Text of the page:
EM workforce swelling by 1500 doctors a year... will oversupply soon hit?

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Just curious, I'm very uneducated in the field of Doctor business - but I get that undersupply = more money to each physician, however, in a field that is run no differently than a 24/7 Walmart, won't more EM docs make the lives of current EM docs way easier? Less nights, less weekends, etc? Sure, it might be a pay cut, but is it worth it to work less wonky hours?
 

TooMuchResearch

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Just curious, I'm very uneducated in the field of Doctor business - but I get that undersupply = more money to each physician, however, in a field that is run no differently than a 24/7 Walmart, won't more EM docs make the lives of current EM docs way easier? Less nights, less weekends, etc? Sure, it might be a pay cut, but is it worth it to work less wonky hours?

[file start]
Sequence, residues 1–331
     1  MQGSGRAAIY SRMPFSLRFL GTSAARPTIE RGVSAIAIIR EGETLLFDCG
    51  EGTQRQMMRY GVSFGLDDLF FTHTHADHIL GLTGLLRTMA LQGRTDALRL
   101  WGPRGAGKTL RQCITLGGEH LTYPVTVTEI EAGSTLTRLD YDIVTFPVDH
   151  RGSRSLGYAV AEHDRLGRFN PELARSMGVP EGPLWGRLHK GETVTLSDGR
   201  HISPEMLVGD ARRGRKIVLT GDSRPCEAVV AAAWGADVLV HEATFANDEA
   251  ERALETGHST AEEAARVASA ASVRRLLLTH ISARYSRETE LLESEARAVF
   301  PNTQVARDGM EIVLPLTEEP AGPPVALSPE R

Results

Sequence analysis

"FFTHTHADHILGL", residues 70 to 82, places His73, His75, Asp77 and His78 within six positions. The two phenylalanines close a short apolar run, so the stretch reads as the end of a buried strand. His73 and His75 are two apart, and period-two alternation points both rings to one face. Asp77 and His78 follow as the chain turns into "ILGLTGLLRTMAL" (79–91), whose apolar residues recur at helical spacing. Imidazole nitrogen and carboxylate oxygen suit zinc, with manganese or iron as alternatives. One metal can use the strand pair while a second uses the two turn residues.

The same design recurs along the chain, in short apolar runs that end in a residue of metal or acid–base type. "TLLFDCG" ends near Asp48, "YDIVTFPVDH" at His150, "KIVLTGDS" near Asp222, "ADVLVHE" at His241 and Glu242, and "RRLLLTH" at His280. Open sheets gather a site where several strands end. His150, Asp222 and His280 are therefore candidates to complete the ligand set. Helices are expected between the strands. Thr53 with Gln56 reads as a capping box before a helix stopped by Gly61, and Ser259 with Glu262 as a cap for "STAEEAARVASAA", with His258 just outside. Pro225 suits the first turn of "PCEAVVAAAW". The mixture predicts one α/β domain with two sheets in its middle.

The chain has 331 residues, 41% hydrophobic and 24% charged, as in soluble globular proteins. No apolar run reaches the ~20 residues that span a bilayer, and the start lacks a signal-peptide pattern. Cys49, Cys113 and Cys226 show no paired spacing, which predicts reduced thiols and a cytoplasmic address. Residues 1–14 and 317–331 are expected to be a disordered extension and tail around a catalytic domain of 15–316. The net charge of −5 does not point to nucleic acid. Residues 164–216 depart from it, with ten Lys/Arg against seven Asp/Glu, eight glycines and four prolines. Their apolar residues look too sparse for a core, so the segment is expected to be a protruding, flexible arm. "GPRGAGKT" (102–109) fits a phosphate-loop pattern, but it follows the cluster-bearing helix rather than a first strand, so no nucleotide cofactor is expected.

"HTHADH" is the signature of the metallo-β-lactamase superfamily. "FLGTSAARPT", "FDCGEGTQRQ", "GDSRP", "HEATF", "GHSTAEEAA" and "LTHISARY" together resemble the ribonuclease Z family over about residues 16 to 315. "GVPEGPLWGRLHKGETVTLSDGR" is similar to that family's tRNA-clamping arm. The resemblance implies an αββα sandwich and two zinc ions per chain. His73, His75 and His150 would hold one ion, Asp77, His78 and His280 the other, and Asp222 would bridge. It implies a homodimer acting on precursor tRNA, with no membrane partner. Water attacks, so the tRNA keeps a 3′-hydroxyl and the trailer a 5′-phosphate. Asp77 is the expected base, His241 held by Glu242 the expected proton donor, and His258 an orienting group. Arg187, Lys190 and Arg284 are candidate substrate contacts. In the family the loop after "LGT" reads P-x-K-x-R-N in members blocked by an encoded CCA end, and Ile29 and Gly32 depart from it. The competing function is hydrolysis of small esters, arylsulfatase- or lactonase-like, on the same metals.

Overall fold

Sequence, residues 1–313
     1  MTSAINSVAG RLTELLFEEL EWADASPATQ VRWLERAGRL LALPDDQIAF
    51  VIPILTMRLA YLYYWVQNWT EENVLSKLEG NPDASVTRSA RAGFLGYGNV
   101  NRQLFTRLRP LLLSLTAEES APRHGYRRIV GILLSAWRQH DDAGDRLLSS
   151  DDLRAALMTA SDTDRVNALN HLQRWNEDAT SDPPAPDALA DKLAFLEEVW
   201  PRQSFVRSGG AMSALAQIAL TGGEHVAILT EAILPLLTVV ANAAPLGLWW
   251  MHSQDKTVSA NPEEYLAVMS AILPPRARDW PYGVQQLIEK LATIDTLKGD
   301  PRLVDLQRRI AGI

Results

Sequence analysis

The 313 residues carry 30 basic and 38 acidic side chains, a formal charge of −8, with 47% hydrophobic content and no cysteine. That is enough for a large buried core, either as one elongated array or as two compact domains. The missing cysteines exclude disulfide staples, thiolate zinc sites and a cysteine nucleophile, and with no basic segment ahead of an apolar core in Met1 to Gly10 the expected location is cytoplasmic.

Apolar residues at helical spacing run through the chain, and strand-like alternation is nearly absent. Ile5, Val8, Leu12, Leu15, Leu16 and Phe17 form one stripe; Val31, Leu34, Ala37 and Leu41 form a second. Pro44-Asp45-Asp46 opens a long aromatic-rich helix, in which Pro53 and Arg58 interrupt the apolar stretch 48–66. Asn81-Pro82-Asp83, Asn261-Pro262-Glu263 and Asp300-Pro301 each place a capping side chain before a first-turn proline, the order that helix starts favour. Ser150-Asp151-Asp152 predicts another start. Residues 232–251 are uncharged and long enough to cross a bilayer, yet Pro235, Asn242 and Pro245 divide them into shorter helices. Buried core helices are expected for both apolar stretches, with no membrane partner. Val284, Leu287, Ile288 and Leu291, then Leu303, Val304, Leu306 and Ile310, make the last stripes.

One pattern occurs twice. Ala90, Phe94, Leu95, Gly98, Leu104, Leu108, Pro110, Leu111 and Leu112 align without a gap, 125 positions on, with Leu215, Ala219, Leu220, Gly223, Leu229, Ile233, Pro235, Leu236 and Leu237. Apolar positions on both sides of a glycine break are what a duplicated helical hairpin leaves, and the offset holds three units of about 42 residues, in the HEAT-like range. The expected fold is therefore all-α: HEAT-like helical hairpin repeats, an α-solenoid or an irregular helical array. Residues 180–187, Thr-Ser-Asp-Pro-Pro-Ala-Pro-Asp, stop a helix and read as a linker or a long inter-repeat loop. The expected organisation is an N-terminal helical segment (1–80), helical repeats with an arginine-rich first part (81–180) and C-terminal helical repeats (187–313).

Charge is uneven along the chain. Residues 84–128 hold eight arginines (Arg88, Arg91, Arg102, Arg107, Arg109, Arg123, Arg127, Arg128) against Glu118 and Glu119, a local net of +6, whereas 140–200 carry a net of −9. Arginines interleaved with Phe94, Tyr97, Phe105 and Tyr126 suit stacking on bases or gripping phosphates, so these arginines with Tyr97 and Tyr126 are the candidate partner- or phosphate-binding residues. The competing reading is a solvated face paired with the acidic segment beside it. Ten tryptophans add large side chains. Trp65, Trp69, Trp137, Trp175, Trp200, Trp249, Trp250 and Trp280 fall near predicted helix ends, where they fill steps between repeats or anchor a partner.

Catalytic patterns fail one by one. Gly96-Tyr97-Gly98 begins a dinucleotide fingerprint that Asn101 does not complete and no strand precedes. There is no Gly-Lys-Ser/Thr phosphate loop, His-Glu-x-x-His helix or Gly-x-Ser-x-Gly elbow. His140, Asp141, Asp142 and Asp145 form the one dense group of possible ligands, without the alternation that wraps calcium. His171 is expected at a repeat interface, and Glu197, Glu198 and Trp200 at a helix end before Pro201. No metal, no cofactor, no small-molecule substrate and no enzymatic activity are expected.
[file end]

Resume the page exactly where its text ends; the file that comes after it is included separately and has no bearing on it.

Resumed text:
Our group hires additional people as needed, the current supply of people looking to work for a fair SDG is more than sufficient for us.
 

gro2001

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Just curious, I'm very uneducated in the field of Doctor business - but I get that undersupply = more money to each physician, however, in a field that is run no differently than a 24/7 Walmart, won't more EM docs make the lives of current EM docs way easier? Less nights, less weekends, etc? Sure, it might be a pay cut, but is it worth it to work less wonky hours?